9 Replies
      1. re: erica

        Im very fond of Volpetti on Via Marmorata but its certainly not the only source. Shop around, its fun. I would not assume that the carry on restriction is going to be waived for anything - avoid disappointment and get yourself set up to carry your bottle in your checked luggage. It is certainly possible to pack it so that it will not break. Meat is going to be a definite no no. I think the only meats that have been cleared for entry into the US are certain specific prosciutto products. Do your research and get the situation completely straight in your mind or you will be angry and lose your investment or if you hide stuff, get in trouble with the govt..

        1. re: erica

          Volpetti's is great, great fun, and they'll vacuum pack cheeses and things for you to take back into the states, as well as bubblewrapping any bottles. Castroni's definitely doesn't taste, but they do have an extraordinary selection of, well, edibles, although mainly Italian. I would say definitely wander around- there are a vast number of gastronomie, some of them decidedly more touristy than others. You might also want to look at a gambero rosso for Rome; there should be a whole section on this style of store, with appropriate neighborhood, etc.

          1. re: chocolatstiletto

            thanks for all the great info! We may avoid the olive oil but the cheese, balsamic, and wine are not so easy to find where we live. I'd already given up on the idea of the prosciutto. Volpetti's sounds good because the vac-pack. Is that commonly available at the other stores mentioned?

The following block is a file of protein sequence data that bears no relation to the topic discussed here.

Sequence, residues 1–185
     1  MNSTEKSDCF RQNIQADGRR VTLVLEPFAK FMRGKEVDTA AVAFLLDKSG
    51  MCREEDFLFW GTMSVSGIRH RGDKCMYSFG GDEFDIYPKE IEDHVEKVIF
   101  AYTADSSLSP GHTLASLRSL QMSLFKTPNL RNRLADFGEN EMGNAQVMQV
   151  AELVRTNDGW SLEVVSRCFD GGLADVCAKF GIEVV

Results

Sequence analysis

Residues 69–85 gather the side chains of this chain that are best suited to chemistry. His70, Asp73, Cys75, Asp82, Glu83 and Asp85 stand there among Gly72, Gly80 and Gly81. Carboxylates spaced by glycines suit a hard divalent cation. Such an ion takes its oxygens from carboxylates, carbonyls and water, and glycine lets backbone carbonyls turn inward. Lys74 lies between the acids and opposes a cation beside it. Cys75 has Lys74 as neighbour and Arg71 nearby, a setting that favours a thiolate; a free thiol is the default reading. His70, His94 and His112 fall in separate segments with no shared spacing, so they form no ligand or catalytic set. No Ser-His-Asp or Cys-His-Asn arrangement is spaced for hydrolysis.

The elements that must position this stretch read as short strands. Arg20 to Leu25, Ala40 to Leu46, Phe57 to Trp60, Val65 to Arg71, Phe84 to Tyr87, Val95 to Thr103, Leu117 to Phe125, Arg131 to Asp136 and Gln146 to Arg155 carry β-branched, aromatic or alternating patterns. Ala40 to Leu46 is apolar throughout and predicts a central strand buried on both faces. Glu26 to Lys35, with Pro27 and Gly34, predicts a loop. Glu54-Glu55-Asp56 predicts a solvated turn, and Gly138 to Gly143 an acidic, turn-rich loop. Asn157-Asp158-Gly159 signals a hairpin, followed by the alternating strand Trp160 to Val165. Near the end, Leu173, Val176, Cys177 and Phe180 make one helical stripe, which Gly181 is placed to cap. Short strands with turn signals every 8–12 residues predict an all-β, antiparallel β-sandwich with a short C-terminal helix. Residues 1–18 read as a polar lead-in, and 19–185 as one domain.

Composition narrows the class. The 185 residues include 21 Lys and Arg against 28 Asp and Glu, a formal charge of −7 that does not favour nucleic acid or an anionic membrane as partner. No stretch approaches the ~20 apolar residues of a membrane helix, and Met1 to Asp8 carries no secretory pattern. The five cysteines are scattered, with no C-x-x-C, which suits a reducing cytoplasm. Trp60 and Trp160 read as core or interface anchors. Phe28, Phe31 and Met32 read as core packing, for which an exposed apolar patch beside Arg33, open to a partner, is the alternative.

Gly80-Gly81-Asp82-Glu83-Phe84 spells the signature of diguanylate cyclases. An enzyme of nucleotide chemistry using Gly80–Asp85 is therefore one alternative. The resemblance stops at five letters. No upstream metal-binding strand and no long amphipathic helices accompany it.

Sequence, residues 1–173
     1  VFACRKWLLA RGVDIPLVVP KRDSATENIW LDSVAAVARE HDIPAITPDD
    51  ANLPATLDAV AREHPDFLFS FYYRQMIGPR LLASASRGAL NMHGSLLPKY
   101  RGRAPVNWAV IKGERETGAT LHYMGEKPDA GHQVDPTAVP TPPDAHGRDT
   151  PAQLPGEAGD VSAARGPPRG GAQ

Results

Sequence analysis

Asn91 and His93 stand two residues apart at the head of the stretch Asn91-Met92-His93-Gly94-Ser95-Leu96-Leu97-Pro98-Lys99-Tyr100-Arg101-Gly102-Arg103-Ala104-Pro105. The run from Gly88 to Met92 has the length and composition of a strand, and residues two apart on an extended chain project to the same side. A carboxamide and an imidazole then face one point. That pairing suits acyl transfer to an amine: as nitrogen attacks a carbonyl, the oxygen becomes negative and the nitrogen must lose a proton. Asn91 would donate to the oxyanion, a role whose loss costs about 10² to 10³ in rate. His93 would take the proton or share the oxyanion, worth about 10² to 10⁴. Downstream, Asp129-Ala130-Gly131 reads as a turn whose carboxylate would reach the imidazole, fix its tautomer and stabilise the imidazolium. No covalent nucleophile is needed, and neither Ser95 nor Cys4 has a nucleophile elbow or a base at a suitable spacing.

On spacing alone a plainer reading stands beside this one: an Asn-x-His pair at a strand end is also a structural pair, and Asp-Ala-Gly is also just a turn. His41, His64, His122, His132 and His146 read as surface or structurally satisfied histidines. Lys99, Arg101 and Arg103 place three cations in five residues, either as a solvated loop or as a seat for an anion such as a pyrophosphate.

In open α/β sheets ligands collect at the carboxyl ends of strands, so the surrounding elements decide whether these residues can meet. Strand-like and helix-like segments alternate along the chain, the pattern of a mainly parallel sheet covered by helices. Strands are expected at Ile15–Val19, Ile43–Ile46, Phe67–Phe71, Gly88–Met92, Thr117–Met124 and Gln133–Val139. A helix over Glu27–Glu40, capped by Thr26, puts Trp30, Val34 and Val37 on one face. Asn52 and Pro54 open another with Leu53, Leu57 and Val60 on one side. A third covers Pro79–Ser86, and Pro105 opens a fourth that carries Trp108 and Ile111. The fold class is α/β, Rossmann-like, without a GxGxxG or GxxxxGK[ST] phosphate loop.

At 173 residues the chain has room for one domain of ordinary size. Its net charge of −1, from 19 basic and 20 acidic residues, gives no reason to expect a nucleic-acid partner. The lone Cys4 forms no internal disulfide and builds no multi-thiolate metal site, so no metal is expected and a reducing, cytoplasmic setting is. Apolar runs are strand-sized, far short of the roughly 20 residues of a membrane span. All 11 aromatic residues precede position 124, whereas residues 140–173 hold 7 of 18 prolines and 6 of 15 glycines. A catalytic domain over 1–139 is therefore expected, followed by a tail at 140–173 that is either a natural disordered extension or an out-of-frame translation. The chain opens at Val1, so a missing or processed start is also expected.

THanks again

            1. re: thesnowyday

              look out with your wine - make sure it is packed properly or at any rate not obvious to the airline checkers as wine - we had Alitalia refuse to allow us to check a box of wines last year that did not have styrofoam etc. - even though the wine store was emphatic that the packing - without special materials would stand up and it would be acceptable with the airline - as a result we gave the wine away then and there to the airport officials. It was really upsetting. The limoncello and nocino in our bags, wrapped in dirty clothes, came through just fine, as would olive oil, which we have brought through in the past. (we used a couple of layers of plastic bags to make sure too..

              1. re: jen kalb

                I always stuff my bags with bubble wrap when I leave home...I have brought all sorts of bottles home this way, in my checked bags. On a recent trip to France I brought home 5 bottles of wine! (all white!) (I am really not recommending this, just telling you that it is possible..)

                Other stores will also vacuum pack, although I have never received a straight story as to whether or not this makes a difference to customs..I think if an item is illegal to bring in, it is illegal no matter how it is packed and no matter what the people at the shops tell you. But I could be wrong on this....